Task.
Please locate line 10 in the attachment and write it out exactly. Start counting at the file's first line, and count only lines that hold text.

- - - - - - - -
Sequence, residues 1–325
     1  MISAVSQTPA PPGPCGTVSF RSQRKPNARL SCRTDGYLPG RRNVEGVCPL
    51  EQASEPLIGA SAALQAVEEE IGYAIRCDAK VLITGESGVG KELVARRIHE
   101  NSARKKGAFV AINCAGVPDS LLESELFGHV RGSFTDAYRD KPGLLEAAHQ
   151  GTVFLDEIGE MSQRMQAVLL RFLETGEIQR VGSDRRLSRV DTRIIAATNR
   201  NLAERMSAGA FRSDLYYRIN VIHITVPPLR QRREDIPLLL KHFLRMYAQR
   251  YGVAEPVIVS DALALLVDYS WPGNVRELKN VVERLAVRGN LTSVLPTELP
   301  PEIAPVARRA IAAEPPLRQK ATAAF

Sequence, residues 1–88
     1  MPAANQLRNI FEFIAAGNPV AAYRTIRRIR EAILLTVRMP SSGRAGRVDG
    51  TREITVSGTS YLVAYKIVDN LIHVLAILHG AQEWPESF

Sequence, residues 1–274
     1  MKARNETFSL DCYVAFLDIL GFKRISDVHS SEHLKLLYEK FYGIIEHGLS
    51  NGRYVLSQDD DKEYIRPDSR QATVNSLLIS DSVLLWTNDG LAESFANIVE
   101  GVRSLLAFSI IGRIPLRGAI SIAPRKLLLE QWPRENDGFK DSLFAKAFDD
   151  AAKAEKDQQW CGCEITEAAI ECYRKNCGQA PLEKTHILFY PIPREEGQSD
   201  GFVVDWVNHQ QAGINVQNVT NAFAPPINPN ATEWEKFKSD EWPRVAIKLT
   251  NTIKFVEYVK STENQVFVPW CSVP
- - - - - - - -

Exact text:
     1  MPAANQLRNI FEFIAAGNPV AAYRTIRRIR EAILLTVRMP SSGRAGRVDG